Consumers may be avoiding some parts of the dangerous river called “De Nile” but continuing to get stuck in other parts.
Analysts at the Hartford Financial Services Group Inc., Hartford (NYSE:HIG) and researchers from the Massachusetts Institute of Technology (MIT) AgeLab presented fresh survey data on consumer denial Tuesday at a press conference in New York.
The team commissioned a polling firm to conduct a telephone survey of 1,964 U.S. residents ages 45 years and older who have retired in the past 2 to 10 years or plan to retire in the next 2 to 10 years.
The team asked about general views on aging, retirement income needs, retirement expectations, and related topics of interest to companies, government agencies and other data users with an interest in meeting the needs of older consumers.
Consumer denial about the need for long-term care (LTC) and long-term care insurance (LTCI) is the stuff of many LTCI surveys and articles.
The survey team found evidence that the survey participants were in more denial about some health-related topics than others.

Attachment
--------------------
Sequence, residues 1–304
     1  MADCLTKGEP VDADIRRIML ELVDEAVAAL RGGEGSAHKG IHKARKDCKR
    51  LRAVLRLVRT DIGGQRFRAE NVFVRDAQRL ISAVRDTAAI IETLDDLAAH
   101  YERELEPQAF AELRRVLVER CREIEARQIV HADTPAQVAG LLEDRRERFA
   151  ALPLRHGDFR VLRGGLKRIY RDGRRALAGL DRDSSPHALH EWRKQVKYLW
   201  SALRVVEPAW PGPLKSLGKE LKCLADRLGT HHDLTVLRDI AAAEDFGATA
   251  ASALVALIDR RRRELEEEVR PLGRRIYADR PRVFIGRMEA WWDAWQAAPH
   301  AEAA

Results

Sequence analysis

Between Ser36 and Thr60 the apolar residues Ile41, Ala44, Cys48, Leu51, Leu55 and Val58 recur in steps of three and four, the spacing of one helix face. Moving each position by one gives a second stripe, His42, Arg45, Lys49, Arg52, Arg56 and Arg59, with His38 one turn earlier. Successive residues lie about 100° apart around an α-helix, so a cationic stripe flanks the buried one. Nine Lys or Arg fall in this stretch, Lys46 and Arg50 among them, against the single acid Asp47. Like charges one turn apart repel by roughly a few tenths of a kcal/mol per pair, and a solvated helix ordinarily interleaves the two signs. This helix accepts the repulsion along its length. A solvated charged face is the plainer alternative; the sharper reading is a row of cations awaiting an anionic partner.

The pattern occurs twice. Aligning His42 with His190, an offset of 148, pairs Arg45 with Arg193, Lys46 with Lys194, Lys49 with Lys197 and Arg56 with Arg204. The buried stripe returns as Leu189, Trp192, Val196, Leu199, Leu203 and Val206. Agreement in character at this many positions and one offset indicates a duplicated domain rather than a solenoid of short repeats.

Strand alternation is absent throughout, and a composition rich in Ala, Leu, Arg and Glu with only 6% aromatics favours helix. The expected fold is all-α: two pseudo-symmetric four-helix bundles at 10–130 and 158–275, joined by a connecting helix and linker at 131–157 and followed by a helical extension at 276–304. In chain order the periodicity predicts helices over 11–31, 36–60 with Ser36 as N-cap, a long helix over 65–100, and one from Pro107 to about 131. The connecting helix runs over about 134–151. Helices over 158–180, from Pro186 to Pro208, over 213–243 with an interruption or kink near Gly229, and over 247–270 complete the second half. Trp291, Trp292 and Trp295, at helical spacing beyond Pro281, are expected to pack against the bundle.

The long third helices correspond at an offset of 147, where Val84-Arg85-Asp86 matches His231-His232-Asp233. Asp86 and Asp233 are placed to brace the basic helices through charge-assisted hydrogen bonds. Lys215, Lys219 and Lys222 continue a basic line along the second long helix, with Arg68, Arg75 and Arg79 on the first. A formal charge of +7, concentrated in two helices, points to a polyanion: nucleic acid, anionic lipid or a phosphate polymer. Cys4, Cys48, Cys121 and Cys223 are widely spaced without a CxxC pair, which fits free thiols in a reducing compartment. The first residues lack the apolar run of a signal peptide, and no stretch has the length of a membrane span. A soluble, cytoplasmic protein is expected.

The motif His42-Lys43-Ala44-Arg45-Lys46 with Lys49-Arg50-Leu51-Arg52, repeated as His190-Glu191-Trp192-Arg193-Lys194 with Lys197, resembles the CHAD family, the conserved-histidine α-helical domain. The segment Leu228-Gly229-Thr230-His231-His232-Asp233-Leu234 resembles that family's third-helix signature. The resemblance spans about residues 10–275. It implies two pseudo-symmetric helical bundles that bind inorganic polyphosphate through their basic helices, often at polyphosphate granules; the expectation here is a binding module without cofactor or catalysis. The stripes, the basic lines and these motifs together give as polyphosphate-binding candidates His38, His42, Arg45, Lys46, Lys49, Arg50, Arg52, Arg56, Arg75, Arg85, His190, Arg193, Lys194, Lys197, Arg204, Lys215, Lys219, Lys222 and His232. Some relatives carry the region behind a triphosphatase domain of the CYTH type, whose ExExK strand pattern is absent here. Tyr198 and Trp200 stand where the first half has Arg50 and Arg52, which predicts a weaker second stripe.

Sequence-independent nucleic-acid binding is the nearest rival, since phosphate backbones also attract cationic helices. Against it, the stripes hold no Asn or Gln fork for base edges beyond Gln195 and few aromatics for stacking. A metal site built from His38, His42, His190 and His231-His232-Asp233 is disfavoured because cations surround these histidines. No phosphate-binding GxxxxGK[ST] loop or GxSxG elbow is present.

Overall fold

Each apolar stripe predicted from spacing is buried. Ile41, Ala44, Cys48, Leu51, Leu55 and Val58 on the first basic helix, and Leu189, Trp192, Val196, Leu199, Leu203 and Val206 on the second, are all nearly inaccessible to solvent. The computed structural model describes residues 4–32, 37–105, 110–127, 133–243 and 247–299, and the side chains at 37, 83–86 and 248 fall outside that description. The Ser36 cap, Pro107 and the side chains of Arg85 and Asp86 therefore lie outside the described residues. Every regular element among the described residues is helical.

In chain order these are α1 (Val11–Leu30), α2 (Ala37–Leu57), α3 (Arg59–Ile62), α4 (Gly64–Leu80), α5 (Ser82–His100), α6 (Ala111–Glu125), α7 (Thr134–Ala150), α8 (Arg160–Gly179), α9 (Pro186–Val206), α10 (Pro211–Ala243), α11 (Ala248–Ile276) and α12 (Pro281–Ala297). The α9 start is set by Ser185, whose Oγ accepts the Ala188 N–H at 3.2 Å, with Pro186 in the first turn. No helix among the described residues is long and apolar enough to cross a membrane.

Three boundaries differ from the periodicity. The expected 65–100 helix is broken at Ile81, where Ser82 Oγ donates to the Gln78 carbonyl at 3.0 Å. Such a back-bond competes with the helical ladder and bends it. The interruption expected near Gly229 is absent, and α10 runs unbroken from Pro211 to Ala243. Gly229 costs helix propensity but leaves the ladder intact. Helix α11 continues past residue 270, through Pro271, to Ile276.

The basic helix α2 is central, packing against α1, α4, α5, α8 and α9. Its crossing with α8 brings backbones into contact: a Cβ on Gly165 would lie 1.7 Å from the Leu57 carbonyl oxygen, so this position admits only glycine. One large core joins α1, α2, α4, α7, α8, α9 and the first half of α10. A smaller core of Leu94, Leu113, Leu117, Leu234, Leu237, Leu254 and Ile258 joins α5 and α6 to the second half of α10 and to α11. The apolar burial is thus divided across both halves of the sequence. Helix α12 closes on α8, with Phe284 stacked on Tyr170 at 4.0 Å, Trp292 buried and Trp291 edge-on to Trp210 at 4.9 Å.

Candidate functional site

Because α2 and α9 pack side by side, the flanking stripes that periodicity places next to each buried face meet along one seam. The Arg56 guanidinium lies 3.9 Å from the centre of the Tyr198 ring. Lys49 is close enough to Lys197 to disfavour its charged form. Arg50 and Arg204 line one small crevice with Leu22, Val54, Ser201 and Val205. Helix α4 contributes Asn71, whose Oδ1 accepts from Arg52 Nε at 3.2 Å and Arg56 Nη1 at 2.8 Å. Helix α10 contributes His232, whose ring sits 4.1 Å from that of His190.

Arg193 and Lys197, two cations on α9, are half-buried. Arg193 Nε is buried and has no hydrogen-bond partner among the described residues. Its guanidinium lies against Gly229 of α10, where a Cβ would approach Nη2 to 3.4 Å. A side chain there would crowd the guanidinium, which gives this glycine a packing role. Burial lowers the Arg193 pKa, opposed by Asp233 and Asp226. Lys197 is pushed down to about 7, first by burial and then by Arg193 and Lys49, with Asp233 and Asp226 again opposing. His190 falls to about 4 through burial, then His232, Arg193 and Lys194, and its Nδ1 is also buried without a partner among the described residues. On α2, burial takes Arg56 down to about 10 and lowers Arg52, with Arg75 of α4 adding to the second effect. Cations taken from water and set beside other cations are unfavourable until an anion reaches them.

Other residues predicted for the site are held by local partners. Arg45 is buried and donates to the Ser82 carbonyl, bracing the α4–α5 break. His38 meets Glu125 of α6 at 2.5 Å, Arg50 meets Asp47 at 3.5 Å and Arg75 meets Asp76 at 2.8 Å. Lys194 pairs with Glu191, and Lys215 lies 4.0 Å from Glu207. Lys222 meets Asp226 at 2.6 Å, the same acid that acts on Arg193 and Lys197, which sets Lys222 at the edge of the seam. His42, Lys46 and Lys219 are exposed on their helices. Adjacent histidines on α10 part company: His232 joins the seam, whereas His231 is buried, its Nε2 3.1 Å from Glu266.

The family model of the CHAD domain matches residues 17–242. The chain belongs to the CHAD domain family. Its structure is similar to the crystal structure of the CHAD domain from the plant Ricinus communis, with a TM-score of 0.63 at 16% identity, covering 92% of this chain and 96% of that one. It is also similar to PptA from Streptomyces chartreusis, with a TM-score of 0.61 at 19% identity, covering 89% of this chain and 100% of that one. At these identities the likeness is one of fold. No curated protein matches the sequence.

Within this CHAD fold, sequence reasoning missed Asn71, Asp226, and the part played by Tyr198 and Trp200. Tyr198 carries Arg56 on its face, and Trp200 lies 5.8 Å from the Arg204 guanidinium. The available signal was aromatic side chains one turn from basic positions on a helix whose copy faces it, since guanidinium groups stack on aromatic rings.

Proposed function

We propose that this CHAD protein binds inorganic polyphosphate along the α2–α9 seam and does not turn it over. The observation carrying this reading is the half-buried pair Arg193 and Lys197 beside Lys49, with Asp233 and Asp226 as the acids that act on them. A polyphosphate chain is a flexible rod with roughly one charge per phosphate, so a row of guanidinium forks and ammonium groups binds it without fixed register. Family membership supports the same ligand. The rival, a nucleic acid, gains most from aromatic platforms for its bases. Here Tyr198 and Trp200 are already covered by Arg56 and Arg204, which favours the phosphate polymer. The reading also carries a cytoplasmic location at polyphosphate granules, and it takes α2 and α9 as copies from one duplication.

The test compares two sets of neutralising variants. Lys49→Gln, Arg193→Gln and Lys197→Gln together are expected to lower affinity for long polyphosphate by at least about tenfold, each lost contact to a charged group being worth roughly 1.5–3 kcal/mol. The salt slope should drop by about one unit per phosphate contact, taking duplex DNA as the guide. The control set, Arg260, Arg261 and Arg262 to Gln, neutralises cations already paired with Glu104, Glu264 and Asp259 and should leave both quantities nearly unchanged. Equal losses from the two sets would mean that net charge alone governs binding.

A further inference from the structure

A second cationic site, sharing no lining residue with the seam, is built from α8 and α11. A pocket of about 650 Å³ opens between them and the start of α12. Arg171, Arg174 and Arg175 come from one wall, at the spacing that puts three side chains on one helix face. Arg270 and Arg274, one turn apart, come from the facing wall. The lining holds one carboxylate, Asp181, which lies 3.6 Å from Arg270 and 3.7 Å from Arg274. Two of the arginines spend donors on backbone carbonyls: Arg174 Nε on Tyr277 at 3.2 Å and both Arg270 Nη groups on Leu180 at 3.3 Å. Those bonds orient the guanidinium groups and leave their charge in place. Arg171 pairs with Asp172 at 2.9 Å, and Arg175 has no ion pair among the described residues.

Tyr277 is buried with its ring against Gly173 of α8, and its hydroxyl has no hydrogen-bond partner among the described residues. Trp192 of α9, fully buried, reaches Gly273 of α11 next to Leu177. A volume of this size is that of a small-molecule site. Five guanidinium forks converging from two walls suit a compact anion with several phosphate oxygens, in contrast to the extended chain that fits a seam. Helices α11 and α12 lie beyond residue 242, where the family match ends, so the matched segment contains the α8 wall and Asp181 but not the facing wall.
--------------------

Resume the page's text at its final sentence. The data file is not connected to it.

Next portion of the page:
The team found that most participants said they value their health more than they value their wealth. About 40% of the pre-retirees and 41% of the retirees said the idea of having “health or medical issues” is they one thing they most worry about impacting their retirement.
The risk of having serious health problems was the top-ranked concern.
For both groups of survey participants, about 25% ranked “running out of money” as the biggest fear, and 12% ranked a spouse or significant dying first as the biggest fear.
LTC concerns trailed far behind: Only about 10% of the survey participants ranked caring for a spouse or other family member as the biggest concern.